Music and Protest
An annual concert also marks the anniversary. The anti-communist event is titled "We Will Not Be Quiet." Among many bands and singers, reports LN, was Ivan Mládek with his Banjo Band. "I came because it is fitting. The Communists bothered me for 30 years, so now it’s my turn to let them know," he said.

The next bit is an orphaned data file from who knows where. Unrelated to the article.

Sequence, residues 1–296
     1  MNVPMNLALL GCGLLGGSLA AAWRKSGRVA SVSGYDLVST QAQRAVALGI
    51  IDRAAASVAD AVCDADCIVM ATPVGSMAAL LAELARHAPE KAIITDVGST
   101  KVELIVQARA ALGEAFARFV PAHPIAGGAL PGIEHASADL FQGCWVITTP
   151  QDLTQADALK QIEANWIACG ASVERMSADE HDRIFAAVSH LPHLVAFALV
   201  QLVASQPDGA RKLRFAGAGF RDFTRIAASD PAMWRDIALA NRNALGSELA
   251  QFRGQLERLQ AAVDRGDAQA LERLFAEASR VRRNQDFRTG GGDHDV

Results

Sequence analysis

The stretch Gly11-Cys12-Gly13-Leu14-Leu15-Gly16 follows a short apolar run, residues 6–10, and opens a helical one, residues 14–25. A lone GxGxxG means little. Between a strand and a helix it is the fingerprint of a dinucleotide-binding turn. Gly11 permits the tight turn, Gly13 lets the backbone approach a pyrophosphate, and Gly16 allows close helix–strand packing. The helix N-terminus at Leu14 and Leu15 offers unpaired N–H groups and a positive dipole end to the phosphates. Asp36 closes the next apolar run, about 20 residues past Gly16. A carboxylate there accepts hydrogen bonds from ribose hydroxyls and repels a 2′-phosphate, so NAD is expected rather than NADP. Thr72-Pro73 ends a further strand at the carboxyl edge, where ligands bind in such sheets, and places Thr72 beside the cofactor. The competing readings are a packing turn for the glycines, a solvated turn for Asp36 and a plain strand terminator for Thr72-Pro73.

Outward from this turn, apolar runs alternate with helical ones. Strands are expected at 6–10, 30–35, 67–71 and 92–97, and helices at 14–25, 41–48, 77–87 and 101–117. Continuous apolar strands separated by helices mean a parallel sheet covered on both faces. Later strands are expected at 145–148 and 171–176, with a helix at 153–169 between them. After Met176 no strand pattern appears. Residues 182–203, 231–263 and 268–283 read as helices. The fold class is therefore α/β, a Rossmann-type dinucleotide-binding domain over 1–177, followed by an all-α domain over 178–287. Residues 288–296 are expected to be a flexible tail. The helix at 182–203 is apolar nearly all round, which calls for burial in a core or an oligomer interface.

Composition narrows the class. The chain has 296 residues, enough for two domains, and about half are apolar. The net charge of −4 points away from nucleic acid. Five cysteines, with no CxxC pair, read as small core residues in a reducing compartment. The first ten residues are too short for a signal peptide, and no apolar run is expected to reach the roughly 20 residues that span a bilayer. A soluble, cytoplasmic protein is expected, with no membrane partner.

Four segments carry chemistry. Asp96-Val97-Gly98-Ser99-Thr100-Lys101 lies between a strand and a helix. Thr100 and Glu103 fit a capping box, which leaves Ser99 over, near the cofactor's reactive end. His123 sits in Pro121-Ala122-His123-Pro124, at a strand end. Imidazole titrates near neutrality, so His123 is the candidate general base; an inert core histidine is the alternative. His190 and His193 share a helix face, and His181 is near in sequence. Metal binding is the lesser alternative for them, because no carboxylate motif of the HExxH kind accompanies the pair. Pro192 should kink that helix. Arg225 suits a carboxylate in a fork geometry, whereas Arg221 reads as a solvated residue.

The aftermath of the Velvet Revolution has not been totally clear, however. One extreme critic has claimed that the country remains Communist! Josef Mašín, who escaped to West Berlin in the early 1950s, said in Bratislava recently, "It was said that you have the Velvet Revolution and that you live here in democracy, but that’s not true. Just look at what is winning today in Bohemia. Where there are Communists, their strength and activity continues to spread. It’s getting worse. Why? Because the nation doesn’t know it’s history. Those fifty years, those crimes perpetrated by the Communists, were bigger than the crimes of the Nazis." (A bit of exaggeration, but he was trying to make a point.) Though the Czech Republic is now a member of the EU and NATO, there is still support for the Communist Party in many areas and among certain demographic groups (e.g., the elderly). The Czech Communist Party is the only "non-reformed" communist political party remaining in the former Eastern Bloc countries. All the others have at least changed their names. It is possible that the Czech Social Democrat Party (somewhat "right" leaning, I gather) may make an alliance with the Communist Party. Also recently, a bill was introduced in the Czech Parliament to legally ban totalitarian regimes. (Aside: How could this ever be enforced? And is not the fact that someone thought it necessary to introduce the bill somewhat scary in itself?) It is not expected to pass.